Eulogy (2004) / Comedy-Drama

MPAA Rated: R for language, sexual content, and drug use
Running Time: 91 min.


Cast: Zooey Deschanel, Debra Winger, Hank Azaria, Ray Romano, Kelly Preston, Piper Laurie, Famke Janssen, Glenne Headley, Jesse Bradford, Curtis Garcia, Keith Garcia, Rip Torn, Rene Auberjonois
Director: Michael Clancy
Screenplay: Michael Clancy
Review published September 10, 2005

The dysfunctional family of the recently deceased Edmund Collins (Torn, Welcome to Mooseport) comes together to honor their mostly distant father at his funeral, each of them having their own quirks that make them annoying to the rest of the family.  The last rambunctious among them, Kate (Deschanel, Elf), is called upon to write Edmund's eulogy, but she finds it hard to come up with what to say, especially since no one in the family admits to being very close to him -- or even liking him very much.

There's not much one can say about a feature film that plays more like a pilot episode to a potential new TV series.  Perhaps the only thing significant about Eulogy happens to be its interesting mix of character actors.  Some might see the eccentricities of the casting as an asset, but this may be a case of "too many cooks, as everyone vies for precious time, leaving very little emphasis on anything but the shallowest of character developments.  In what should be a whimsical tale of an oddball dysfunctional family, we never really get the sense that we know them, mostly because the chemistry is so absent that none of them really seem to know one another.  It's one of those movies that feels like it should be funnier than it ever is, with some developments that might actually be funnier to hear about than to actually see.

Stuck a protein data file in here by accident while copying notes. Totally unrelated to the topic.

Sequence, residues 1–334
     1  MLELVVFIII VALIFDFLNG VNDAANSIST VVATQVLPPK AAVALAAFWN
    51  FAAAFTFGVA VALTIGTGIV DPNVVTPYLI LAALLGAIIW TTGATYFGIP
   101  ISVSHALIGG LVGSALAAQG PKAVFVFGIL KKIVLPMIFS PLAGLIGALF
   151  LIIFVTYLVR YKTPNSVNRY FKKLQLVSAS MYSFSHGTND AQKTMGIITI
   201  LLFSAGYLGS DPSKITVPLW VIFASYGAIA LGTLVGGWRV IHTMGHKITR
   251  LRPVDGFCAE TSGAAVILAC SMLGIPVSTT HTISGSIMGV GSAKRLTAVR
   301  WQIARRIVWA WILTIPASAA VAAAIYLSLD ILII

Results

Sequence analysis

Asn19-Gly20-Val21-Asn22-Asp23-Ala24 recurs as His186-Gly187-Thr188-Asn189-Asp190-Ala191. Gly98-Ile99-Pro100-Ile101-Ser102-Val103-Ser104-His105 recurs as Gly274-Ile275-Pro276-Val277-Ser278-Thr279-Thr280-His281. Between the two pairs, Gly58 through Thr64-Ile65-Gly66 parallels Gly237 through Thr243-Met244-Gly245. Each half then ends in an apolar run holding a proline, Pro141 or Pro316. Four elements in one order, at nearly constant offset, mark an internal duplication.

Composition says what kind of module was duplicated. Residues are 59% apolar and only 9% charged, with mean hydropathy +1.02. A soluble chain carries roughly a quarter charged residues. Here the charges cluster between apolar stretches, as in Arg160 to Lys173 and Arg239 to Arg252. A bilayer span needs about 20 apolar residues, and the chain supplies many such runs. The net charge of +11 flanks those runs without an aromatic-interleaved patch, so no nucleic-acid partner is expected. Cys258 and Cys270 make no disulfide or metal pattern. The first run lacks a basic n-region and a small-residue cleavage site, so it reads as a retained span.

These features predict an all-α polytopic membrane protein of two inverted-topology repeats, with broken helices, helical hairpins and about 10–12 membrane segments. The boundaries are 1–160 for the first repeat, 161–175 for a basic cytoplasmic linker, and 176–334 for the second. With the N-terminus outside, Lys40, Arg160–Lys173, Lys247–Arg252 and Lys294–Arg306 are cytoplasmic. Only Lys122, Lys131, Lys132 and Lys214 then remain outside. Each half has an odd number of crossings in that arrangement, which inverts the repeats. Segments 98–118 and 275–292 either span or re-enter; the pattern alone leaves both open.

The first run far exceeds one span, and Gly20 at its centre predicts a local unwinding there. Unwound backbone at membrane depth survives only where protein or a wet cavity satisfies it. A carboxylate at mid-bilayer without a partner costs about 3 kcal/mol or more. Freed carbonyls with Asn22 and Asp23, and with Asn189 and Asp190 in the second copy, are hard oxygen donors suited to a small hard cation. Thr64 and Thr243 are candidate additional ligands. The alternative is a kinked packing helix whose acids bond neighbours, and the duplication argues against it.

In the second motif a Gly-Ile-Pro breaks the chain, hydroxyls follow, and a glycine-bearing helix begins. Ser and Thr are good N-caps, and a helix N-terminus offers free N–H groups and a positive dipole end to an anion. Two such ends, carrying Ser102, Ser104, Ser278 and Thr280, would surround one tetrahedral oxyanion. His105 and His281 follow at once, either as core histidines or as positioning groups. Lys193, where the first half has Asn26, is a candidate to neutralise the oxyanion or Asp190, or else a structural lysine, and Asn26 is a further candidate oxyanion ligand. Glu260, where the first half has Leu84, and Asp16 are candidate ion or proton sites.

A wealth of subplots distract us just enough to keep the story constantly moving before boredom sets in, although by the end of the film, there isn't exactly that warmth of feeling or familiarity that usually accompanies a movie about family gatherings filled with remarkable revelations.  It certainly doesn't help that the laughs are mostly absent, although first-time writer-director Michael Clancy does aim for the funny bone much more often than he tries to tug on our heartstrings. 

All in all, it's a pleasant enough film to endure, even though it is vacuous, although this kind of material might have been better off being produced for television, where the sitcom antics would seem much more at home.   

Qwipster's rating:

2005 Vince Leo